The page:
Time Varying Prospective Utility and Optimal Asset Allocation for Stocks and Bonds: The Case of Australia and Japan, 1926-1995
38 Pages Posted: 13 Aug 2012
Date Written: August 6th, 2012
Many of the empirical investigations in behavioural finance are focused on US markets; with their focus on investor psychology, biases and heuristics these explanations may well not be robust when exposed to different countries, races and cultures. This paper investigates a popular explanation for the equity risk premium, namely Myopic Loss Aversion, in the two very different market environments of Australia and Japan. We also extend previous studies by explicitly allowing for time-varying distributions of asset returns. We present evidence that the concept of the frequency of portfolio evaluation required to produce indifference (in Prospective Utility terms) between Stocks and Bonds is highly dependent upon the sample period. For each of these two Pacific Rim markets, we pose two questions - given prospect theory preferences, taking account of a selection of plausible evaluation periods, how do the prospective utilities of stock, bond and optimally mixed portfolios evolve with time, and how does the optimum allocation ratio of stocks in a mixed stock/bond portfolio vary? Our asset allocation profiles indicate both distinctions and similarities between the markets of Australia and Japan; and (by reference to earlier work) differing patterns of behaviour of the Australasian markets when compared to those of the U.S. and U.K. However, perhaps the biggest surprise, given how different the political, cultural and investment experiences of these countries are, is how similar are the optimal asset allocations for much of the time.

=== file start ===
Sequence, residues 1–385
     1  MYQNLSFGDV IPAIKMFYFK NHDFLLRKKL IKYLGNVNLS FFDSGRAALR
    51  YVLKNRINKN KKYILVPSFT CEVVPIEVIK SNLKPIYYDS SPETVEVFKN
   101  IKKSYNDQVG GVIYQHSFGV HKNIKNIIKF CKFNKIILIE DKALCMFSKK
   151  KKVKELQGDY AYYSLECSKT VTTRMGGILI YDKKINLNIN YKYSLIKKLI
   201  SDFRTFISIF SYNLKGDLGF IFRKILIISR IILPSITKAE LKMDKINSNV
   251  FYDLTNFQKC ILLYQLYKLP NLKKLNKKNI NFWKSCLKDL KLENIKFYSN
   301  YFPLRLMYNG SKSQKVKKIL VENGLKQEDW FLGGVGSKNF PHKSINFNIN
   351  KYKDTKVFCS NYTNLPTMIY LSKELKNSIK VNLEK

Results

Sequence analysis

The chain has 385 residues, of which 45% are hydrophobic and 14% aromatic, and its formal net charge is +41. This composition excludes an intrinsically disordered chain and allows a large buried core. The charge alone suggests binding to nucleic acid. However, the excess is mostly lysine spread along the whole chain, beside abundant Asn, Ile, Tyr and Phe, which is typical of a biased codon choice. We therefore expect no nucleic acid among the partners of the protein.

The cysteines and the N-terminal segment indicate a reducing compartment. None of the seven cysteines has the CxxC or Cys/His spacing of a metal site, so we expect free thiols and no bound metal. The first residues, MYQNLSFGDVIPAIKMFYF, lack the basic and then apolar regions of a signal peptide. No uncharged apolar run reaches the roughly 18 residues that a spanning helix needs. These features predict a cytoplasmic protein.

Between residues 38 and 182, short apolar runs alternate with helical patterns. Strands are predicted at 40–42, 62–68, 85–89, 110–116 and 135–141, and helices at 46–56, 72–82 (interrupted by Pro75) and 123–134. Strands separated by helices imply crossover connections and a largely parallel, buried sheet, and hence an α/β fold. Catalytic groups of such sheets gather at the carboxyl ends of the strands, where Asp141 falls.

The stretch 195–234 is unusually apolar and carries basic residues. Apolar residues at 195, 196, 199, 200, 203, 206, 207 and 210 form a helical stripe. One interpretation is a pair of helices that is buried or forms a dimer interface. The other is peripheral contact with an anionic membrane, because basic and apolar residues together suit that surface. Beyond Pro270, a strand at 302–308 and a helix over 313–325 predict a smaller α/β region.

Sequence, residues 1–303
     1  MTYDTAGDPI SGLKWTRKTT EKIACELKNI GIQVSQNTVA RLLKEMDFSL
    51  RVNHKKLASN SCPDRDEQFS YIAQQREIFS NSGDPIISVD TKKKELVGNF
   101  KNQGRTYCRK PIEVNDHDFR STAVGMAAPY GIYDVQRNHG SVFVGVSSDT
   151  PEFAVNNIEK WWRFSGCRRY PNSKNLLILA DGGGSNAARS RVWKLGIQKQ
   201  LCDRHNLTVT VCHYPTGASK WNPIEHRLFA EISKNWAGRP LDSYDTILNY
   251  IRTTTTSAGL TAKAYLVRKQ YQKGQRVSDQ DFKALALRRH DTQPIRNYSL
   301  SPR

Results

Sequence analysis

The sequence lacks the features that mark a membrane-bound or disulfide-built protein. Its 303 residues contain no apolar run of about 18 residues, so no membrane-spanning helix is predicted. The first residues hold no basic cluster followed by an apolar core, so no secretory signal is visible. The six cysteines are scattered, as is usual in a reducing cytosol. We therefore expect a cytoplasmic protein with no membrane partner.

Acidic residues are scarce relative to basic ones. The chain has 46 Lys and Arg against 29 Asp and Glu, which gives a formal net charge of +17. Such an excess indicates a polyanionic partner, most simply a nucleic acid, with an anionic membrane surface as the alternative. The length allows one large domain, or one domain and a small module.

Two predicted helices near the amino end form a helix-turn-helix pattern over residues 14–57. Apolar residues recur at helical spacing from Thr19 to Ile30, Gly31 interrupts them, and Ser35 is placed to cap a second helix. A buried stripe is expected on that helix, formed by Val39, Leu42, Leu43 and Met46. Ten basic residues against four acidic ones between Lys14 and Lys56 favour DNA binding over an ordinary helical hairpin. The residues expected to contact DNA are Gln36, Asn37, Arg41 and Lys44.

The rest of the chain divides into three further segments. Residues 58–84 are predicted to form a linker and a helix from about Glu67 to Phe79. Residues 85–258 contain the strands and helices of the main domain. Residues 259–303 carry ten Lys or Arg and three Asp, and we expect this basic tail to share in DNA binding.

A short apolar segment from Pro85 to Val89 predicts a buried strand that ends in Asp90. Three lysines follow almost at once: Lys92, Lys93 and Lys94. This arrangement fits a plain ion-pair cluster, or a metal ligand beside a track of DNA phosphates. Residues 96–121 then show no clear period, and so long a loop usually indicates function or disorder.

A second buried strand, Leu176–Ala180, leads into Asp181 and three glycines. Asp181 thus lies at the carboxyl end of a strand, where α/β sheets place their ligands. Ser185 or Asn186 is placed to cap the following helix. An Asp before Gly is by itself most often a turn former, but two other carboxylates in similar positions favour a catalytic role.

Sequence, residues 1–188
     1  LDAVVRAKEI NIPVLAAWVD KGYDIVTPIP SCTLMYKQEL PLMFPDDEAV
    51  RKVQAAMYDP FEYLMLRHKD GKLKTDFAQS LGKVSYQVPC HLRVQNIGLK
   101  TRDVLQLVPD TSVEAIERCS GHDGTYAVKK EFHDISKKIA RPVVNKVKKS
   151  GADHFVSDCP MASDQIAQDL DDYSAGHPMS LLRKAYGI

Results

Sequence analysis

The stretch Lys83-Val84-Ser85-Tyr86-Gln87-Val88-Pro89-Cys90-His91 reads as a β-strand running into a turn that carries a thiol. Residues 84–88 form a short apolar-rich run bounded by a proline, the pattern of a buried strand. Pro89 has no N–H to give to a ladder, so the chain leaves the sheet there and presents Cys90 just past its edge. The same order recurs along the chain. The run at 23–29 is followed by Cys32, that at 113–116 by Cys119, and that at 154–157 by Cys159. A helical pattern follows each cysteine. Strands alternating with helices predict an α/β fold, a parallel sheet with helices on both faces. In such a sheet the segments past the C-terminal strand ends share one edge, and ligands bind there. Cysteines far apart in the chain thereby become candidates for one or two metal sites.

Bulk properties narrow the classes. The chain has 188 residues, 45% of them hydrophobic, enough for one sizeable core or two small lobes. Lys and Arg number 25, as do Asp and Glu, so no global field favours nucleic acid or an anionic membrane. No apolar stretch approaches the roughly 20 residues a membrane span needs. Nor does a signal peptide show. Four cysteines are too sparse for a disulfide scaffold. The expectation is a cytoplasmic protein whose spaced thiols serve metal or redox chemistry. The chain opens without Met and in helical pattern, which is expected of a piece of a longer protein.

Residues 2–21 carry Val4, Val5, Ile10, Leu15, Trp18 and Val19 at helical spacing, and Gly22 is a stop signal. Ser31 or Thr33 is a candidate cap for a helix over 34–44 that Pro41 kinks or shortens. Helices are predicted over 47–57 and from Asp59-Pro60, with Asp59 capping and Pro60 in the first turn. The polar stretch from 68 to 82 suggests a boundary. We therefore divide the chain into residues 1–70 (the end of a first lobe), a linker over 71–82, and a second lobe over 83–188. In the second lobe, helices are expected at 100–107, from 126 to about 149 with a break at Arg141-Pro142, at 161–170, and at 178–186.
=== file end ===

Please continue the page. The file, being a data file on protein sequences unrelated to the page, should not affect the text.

Keywords: prospective utility, loss aversion, myopia, demographics, equity risk premium
JEL Classification: G10, G12, G15
Suggested Citation: Suggested Citation